Listen to the full audio here.Bio Remediation at Defense Supply Center Richmond
(Photo Courtesy of DLA Aviation Public Affairs)
The Defense Supply Center Richmond, located off of Jefferson Davis Highway,
has been undergoing a major clean-up for over two decades. This area has been affected by severe groundwater and soil contamination dating back to the 1940s.
The contamination is due to years of industrial operations and from chemicals used during the time the site served as a firefighting training facility about fifty years ago. The multi-tiered plans for cleaning up are developed by an inter-agency group, lead by the Defense Logistics Agency (DLA) in support of the Virginia Department of Environmental Quality (DEQ), and the United States Environmental Protection Agency (EPA).
At the present time the DSCR houses DLA Aviation. Amy Clement, the Chief of Public Affairs at the site, explained the distinction.
She said, “In general - America’s Combat Support Agency, here in Richmond we are DLA, Defense Logistics Agency Aviation, meaning we are responsible for procurement of the aviation for the Department of Defense.”
Jimmy Parrish from the DLA Installation Support's Environmental Office in Richmond said his branch sees themselves as the landlords of the installation and they aim to keep the site safe and clean for the employees.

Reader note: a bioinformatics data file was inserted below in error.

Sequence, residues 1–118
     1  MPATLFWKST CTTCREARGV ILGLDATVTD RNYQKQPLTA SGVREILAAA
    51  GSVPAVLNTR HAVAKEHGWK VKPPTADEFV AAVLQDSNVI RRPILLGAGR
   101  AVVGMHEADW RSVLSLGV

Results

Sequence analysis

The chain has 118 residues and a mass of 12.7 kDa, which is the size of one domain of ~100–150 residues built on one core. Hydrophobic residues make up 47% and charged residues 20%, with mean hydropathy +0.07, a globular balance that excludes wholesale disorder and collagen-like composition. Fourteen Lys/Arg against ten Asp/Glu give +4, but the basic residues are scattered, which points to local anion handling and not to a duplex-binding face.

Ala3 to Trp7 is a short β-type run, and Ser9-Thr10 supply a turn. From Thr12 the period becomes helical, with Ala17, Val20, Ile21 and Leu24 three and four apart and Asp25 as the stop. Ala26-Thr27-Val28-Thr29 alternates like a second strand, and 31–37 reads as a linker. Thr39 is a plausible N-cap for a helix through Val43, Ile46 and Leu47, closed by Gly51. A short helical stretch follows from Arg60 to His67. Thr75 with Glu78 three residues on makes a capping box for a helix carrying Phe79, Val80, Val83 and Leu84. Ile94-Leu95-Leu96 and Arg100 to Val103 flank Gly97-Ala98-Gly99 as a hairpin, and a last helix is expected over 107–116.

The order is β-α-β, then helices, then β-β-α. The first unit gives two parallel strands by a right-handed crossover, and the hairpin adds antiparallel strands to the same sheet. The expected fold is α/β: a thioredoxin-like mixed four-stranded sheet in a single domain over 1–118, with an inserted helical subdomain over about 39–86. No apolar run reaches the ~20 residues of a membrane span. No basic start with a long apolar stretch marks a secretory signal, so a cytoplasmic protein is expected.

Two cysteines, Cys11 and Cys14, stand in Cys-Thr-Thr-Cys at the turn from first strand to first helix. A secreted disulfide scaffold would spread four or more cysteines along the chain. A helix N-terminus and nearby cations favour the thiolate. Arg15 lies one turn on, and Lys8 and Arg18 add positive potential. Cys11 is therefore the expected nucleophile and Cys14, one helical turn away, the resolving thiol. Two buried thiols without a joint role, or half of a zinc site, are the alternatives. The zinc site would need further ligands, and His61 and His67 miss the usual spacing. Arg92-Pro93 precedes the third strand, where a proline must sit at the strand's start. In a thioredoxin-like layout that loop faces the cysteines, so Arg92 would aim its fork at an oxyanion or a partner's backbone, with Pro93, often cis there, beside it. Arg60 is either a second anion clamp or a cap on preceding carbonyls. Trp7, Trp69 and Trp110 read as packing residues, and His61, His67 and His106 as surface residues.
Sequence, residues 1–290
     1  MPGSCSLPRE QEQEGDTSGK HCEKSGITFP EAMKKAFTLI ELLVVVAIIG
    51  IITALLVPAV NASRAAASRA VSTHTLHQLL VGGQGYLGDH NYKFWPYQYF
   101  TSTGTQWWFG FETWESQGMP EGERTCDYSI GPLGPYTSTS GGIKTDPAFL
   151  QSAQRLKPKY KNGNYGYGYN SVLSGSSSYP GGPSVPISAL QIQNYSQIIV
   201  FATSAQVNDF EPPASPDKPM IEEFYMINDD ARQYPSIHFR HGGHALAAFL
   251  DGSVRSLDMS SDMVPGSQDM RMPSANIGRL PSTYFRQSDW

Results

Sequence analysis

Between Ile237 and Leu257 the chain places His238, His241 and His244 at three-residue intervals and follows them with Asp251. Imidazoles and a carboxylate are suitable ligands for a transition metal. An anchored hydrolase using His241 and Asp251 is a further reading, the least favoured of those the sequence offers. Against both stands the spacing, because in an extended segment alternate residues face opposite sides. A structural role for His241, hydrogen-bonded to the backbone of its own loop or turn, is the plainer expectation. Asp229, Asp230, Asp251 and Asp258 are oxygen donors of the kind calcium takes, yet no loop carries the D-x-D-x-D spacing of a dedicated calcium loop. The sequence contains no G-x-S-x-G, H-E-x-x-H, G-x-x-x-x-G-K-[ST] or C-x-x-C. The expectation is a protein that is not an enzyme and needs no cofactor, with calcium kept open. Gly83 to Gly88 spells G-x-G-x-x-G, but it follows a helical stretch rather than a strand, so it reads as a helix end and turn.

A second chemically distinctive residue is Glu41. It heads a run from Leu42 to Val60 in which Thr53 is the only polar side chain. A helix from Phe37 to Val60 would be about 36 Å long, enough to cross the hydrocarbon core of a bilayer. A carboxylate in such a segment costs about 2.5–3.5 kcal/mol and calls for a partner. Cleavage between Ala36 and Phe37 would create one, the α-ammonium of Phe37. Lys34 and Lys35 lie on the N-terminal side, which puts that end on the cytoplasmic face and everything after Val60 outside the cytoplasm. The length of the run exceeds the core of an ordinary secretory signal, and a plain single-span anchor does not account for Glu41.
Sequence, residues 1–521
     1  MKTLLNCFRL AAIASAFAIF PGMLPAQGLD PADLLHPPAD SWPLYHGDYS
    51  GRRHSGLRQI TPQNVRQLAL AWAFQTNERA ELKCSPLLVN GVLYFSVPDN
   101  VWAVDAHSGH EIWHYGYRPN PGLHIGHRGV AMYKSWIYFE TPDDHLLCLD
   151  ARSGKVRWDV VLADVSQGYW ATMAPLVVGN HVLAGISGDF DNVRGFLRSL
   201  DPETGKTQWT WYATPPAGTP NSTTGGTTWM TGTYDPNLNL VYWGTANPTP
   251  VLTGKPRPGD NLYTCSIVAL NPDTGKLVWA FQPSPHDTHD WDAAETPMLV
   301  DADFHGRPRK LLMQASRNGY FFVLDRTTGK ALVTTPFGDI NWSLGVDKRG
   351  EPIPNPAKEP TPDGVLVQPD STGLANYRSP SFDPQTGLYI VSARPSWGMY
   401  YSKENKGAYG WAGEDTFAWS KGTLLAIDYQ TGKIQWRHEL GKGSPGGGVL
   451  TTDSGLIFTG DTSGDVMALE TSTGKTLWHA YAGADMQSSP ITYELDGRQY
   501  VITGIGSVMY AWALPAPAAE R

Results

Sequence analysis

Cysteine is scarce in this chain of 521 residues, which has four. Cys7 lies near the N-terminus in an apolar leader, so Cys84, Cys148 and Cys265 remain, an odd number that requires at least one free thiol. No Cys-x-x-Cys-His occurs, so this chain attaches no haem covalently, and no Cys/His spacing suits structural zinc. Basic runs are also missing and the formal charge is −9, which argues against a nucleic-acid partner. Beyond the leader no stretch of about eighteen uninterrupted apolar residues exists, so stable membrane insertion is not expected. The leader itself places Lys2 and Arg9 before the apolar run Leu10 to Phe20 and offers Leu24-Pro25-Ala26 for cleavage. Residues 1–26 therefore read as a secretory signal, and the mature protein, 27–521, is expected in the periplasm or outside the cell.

“Back in 1960s and 70s we just didn’t know as much as we know now with regards to the impact that certain chemicals or certain things have on the environment,” he said. “Now that we know that, we are able to do more about cleaning it up."
Parrish said in years past they had implemented mechanical clean-up processes that proved to be unpractical and also very expensive.
“You have these situations, and you have the challenges of groundwater contamination, and you have all these technical options you’re pursuing, and in the end round, as good as those options are, it’s just Mother Nature,” he said. “If we stir em’ up a bit, not physically, but just get them excited then mother nature will do her job better than what any machine or technology can do for us here.”
Steven Edlavitch, Environmental Engineer with the DLA, said the technique they are using is called bio remediation. They use native microbes, called in-situ, to help reduce contamination. He said these techniques are popular today and being adjusted to be the most effective considering their specific site conditions.
“The bugs are similar to like the microbes, the paramecium, you might have seen it under a microscope in fourth grade science class, and they’re everywhere, and they are ubiquitous in the environment,” he said. “It’s just that when we provide a food substrate to them, like what we use is edible oil, or soybean oil, they can use that food to create energy and reactions which reduces the contaminant concentration.”
Edlavitch said many Military installations have similar pasts environmental protections regulations were not as strong, which resulted in contamination issues in part by industrial operations.